1. Content Marketers continue to struggle with production and execution of high quality content. The number one challenge for content marketers cited in Content Marketing Institute’s 2015 B2B Content Marketing Benchmarks, Budgets and Trends is ‘creating engaging content’.

2. Most content fails, and the cost of that failure is real. I did some research and estimated that the cost to produce a blog post is approximately $900 (your costs may vary). But it’s entirely possible that you are wasting $900 each time you publish an underperforming post.

3. Quality Website content is more important than ever before for SEO. According to Marcus Tober, CTO and Founder of Searchmetrics, “Closely related to the content and user experience are user signals such as time on site and bounce rates, because they tell Google if people find your information useful and engaging,” This, in turn, ranks your website demand with Google and directly affects your website rank.”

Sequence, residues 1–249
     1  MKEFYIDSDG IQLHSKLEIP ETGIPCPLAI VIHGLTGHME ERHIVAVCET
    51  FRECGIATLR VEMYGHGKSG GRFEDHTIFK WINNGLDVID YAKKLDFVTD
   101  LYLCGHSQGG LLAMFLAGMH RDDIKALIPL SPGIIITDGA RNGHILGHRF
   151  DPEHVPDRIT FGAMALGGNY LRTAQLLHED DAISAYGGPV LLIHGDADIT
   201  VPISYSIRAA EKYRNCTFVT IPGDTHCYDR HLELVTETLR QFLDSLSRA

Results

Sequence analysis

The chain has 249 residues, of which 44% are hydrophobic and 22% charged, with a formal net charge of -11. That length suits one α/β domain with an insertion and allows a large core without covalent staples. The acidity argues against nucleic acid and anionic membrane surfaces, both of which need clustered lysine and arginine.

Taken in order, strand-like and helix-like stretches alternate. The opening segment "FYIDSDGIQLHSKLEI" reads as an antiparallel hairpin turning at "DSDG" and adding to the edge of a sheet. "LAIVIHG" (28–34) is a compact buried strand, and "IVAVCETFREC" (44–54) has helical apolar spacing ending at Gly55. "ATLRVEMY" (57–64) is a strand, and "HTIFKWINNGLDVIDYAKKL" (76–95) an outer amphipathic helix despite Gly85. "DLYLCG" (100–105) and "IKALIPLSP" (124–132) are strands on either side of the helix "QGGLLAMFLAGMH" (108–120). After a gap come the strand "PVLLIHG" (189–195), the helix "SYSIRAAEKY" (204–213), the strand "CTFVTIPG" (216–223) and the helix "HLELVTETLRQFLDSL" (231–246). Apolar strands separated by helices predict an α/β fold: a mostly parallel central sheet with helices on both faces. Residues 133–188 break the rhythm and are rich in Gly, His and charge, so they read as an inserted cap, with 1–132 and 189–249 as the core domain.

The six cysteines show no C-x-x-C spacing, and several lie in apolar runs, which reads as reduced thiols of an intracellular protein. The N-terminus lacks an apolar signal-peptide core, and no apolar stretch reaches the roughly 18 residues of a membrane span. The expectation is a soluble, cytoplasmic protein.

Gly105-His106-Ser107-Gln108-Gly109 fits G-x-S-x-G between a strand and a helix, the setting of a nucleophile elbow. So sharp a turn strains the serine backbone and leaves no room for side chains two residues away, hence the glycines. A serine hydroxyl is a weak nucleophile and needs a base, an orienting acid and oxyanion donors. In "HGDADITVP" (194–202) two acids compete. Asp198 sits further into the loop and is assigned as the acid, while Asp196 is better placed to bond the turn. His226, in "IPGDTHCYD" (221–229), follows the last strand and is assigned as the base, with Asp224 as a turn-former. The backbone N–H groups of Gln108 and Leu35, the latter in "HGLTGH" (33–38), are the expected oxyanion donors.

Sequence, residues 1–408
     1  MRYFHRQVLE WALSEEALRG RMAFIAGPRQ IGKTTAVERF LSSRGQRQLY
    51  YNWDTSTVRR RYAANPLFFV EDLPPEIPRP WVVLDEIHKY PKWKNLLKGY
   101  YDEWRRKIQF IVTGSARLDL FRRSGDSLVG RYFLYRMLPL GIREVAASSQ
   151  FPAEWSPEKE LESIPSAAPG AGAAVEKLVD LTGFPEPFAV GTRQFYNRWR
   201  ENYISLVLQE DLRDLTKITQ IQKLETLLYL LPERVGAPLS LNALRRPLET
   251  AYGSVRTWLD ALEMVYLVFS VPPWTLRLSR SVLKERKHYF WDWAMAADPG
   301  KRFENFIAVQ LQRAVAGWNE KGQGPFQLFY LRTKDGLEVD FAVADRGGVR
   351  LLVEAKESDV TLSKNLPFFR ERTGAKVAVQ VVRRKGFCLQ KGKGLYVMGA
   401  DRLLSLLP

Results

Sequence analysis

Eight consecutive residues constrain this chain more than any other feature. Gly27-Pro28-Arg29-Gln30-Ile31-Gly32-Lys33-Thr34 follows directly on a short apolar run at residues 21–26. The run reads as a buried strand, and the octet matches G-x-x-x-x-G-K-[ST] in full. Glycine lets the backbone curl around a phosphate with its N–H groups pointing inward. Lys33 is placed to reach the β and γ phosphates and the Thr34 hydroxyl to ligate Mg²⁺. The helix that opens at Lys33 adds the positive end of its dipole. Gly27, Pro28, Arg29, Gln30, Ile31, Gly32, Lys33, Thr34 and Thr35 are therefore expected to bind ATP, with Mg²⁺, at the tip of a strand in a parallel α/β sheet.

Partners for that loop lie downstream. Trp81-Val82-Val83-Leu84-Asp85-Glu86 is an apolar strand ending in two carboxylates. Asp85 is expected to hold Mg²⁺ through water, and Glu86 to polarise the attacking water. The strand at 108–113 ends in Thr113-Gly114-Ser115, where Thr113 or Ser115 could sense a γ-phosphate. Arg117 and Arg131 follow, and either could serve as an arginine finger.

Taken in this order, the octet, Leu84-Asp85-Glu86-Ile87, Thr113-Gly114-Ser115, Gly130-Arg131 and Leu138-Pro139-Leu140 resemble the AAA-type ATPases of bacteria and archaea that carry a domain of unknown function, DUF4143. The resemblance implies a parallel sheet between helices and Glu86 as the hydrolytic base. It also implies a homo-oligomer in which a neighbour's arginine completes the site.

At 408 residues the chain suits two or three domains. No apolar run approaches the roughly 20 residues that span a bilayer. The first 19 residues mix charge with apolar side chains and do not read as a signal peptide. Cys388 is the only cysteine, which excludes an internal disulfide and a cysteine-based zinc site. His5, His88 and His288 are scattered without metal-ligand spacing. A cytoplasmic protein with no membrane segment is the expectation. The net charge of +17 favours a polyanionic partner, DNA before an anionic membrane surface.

As the importance of keywords wanes, the importance of time spent on site and other factors increase in importance. This makes it critical that you produce content that has a shot at resonating with your readership.

See Your Content Marketing Future

Given these factors, if you could know in advance how content would perform before you created it, wouldn’t you want that knowledge? I do, which is why we now use Inbound Writer for most of the content we produce here. I want to give you what you want (and what Google wants). Maybe that’s soulless and prevents me from “writing from the heart” or whatever, but this is a business, not a teen diary. If you want to feel what I’m feeling, watch my Jay Today show (or whatever comes next, as I just wrapped that production this week).